By Albert Samaha
By Steve Weinstein
By Devon Maloney
By Tessa Stuart
By Alison Flowers
By Albert Samaha
By Jesse Jarnow
By Eric Tsetsi
WASHINGTON, D.C.The Moussaoui trial controversy has almost nothing to do about the would-be hijacker's guilt or innocence and everything to do with the airline industry covering up their negligence in handling airport security. The trial resumes today.
Carla Martin, a Transportation Security Administration attorney, coached aviation witnesses with court testimony in such a way as to bolster the government's argument that, had they known about Zacarias Moussaoui's Al Qaeda connections and the reasons for his flight training in August 2001, when federal agents first arrested and questioned him, then they would have taken precautions and launched investigations that might have averted the attack.
On finding out what Martin had done, Judge Leonie Brinkema halted the trial, reprimanded the lawyer, and reportedly considered throwing out the case. A hearing last week revealed Martin had shown scheduled witnesses testimony from the first day of the trial and coached them on how to answer questions. Federal rules of evidence bar witnesses from seeing trial testimony because they might change what they say after reading it.
Later in the week, the judge and prosecutors reached a compromise. The prosecutors proposed to bring on substitute witnesses and new documents that Martin had no connection with.
In fact, the airlines had long known their air security systems did not work but made scant effort to improve them. And, according to the 9-11 commission's own staff study, prepared in August 2004 but not released until after the election in February 2005, the intelligence community had warned the FAA, which was supposed to pass the information on to the airlines, repeatedly to expect an attack before 9-11. These warnings appear to have had no discernible effect on the airlines.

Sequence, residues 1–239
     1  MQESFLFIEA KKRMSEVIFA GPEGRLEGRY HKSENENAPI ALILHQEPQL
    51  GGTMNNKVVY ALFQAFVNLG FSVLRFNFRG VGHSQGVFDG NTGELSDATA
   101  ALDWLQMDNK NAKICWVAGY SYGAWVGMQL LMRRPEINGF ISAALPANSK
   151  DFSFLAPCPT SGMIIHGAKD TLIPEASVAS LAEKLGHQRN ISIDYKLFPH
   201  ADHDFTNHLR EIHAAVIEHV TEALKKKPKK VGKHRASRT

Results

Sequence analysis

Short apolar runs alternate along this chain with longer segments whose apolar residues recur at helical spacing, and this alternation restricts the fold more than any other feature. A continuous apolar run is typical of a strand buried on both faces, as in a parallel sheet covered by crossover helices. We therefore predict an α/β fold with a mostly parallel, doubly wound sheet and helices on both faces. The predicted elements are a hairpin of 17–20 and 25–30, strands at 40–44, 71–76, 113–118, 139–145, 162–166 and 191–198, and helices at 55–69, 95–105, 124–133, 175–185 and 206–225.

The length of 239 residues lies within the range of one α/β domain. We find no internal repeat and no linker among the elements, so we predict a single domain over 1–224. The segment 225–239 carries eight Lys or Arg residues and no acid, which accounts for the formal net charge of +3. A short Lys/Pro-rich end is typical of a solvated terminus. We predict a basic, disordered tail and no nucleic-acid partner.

"The FAA had indeed considered the possibility that terrorists would hijack a plane and use it as a weapon. In the spring of 2001, FAA intelligence distributed an unclassified CD-ROM presentation to air carriers and airports, including Logan, Newark, and Dulles, the three sources of the hijacked planes. The presentation cited the possibility that terrorists might conduct suicide hijackings but stated, "fortunately we have no indication that any group is currently thinking in that direction." In the six months prior to 9-11, FAA senior officials received 52 intelligence briefings regarding Al Qaeda threats, according to the staff study.
The principal use of testimony by the aviation witnesses in the Moussaoui trial's death phase doubtless is part of an effort to mitigate airline responsibility on 9-11 in pending suits by victim's families.
Moussaoui, who pled guilty, is the only person tried in connection with the 9-11 attacks.